"When there's a fire, there is no DNA. So there was no way for the jury to
know if he raped her. The jury convicted him. All the way through his
appeals, he said he was innocent. An author in England [Wendy
Schmid-Eastwood] took up his cause. She wrote a book ["Twisted Truth"]
that exerted a lot of influence. She funded his appeal.
"He had the best lawyers, Jack Strickland and Bill Lane at trial level,
and I appointed Allan Butcher on appeal. All 3 were top-notch lawyers who
had tried people who were guilty.
"Lane especially did not think he was guilty, and Allan had some real
doubts. I got a letter from an inmate saying we were killing the wrong
guy, though you always look at those things with a jaundiced eye.
"The case languished a long time [14 years]. Sharon Wilson was the
prosecutor. She went to Huntsville for the execution. Richard looked at
her and said, 'Sharon Wilson, you're killing the wrong man.'?"
Cooke said he did well by Jones.
"Did I do everything I could? Yeah," he said. "I'm convinced he had the
best lawyers. I did have some doubt [about Jones' guilt]. I would have
been more comfortable if he could have been locked away for life with no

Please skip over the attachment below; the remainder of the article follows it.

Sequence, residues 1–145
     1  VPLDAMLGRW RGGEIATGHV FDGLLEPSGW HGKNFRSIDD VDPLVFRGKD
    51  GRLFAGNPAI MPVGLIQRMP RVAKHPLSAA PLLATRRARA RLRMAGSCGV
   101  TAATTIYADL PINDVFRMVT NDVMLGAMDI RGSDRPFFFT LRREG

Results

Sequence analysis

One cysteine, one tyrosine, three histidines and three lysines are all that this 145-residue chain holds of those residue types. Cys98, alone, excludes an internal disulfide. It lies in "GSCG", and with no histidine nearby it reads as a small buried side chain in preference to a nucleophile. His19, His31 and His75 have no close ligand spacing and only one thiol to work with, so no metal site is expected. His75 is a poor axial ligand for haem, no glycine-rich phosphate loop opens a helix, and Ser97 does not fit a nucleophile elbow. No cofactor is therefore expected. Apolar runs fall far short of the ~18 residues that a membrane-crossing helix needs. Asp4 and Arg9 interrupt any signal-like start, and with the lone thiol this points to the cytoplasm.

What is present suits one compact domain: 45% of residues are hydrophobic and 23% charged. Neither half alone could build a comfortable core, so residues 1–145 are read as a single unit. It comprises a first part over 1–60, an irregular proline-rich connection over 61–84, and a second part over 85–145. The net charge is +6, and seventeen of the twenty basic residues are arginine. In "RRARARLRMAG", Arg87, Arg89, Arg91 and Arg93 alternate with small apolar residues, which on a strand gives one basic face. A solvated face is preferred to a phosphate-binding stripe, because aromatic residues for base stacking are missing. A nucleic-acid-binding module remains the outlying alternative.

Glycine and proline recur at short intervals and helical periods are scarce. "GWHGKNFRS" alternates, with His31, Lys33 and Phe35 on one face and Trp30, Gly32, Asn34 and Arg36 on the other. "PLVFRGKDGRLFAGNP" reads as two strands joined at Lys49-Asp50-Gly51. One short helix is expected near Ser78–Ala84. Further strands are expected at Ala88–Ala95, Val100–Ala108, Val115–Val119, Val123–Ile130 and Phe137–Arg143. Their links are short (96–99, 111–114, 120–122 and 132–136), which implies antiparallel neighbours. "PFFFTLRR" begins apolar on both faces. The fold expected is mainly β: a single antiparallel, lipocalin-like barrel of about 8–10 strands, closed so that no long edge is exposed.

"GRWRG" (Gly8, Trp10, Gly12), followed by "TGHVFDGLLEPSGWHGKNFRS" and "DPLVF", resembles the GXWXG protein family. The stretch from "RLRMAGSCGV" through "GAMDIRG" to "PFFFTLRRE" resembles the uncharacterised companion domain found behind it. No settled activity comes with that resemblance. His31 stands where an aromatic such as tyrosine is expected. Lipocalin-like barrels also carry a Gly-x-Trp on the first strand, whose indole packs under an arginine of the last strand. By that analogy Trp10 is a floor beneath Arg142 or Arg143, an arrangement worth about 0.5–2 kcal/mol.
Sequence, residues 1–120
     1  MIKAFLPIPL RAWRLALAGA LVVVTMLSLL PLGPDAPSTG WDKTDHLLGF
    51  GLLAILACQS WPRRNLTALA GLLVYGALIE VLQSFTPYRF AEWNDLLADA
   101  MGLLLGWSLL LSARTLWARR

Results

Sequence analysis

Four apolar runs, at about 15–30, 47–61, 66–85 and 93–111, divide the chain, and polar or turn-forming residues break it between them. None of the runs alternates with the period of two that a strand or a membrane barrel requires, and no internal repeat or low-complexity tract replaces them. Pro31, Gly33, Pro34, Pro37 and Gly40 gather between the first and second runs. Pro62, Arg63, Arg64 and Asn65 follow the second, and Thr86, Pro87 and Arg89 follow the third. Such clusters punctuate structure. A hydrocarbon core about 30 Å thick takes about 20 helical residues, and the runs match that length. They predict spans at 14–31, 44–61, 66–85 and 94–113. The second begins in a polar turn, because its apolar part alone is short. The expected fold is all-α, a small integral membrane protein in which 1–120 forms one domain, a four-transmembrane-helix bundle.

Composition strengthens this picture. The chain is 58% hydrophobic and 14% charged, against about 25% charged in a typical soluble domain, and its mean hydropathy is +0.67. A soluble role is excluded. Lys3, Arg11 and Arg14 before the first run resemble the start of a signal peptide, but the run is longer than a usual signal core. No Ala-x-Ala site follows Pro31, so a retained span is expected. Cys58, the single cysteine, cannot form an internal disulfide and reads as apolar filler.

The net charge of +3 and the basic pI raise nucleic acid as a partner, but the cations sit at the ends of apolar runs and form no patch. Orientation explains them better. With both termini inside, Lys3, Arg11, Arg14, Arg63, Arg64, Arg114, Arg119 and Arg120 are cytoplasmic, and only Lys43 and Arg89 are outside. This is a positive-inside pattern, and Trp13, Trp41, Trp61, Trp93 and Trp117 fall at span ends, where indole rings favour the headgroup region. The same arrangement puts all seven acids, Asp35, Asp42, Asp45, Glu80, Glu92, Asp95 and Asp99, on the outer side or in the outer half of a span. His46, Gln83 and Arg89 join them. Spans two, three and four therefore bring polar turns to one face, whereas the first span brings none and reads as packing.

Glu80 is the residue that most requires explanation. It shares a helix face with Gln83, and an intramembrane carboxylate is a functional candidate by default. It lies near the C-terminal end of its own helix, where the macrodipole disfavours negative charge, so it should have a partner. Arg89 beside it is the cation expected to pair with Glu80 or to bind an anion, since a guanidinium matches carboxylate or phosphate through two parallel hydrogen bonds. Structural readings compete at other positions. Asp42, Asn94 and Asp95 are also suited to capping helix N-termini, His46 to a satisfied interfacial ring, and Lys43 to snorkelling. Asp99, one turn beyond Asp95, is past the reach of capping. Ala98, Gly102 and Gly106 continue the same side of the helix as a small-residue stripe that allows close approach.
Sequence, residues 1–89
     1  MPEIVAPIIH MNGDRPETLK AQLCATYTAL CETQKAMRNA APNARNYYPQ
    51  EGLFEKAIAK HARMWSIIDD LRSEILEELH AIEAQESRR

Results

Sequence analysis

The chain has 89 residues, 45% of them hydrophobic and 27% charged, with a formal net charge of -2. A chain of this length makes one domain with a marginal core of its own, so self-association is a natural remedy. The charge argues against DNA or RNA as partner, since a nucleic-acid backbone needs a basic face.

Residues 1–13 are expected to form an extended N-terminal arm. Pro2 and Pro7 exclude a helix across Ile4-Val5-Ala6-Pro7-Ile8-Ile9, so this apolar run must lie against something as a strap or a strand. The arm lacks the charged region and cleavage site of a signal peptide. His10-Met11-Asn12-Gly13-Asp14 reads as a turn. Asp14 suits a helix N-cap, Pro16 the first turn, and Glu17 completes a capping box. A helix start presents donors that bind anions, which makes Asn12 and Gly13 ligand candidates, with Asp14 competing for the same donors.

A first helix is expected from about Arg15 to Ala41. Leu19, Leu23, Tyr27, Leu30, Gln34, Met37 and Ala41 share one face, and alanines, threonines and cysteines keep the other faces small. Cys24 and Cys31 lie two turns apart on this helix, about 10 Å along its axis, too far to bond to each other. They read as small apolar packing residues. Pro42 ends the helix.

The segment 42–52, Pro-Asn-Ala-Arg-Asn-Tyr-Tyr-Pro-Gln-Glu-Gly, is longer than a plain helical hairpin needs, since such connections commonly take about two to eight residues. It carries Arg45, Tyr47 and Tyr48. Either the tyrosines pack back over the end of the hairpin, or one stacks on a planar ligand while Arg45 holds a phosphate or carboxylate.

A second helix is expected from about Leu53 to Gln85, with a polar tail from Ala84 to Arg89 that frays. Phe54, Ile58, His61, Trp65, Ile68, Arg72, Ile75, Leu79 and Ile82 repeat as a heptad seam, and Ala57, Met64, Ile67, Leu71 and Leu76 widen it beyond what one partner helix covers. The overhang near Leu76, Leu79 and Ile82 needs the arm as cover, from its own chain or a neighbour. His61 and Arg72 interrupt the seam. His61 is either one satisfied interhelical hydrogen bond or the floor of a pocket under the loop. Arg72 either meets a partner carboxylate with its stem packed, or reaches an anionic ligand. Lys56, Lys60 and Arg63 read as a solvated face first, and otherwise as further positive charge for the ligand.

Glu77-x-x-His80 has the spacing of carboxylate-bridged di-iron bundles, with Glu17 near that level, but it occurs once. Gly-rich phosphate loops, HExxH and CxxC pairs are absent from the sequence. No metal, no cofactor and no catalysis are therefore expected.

Largely for 2 reasons, capital murder cases have dwindled. The cost of
trying one is prohibitive, and juries now have the option to sentence
defendants to life with no parole.
"The last time I lectured on the subject, a capital trial cost over $3
million," Cooke said. "Well, we can keep a person in prison for life for
about $500,000. Some say it costs too much to keep them locked up, but
that doesn't square. It's a lot cheaper to keep them in a 9 by 6 cell
instead of paying the attorneys' fees and all the other costs that go with
a capital trial. Some counties can't afford it. In Brewster County, the
net tax base wouldnt pay for a capital trial."
Cooke was a young state legislator when the death penalty was abolished in
the early 1970s. He saw the reinstatement of the death penalty in the mid
"I was very pro capital punishment at the time," he said. "I wouldn't take
it off the books now. There are cases that probably deserve it. But
generally speaking, life without parole is more palatable."
Cooke has said as much at legal gatherings.
"I did a lecture for an advanced criminal law course where all the top
lawyers in Texas come together every year," Cooke said. "They had me talk
on the death penalty, and I raised some strong objections to it. That was
the 1st time I know of that a judge had spoken out about it. I look at it
with a little more critical eye than when I started."
What stipulations would Cooke place on capital punishment?
"That's a good question," he said. "I've wrestled with that my entire 34
years on the bench. I can't give you an answer that is foolproof. There is
always going to be a question mark. You can have DNA to tie someone to the
crime, but you still have to decide culpable intent. Did the person intend
to commit the murder? You can't see inside their minds.
"It's not a debate that's going to go away. It's not a flawless system.
You hope there are enough stopgaps in the appellate system that we dont
execute an innocent person."
(source: Cleburne Times-Review)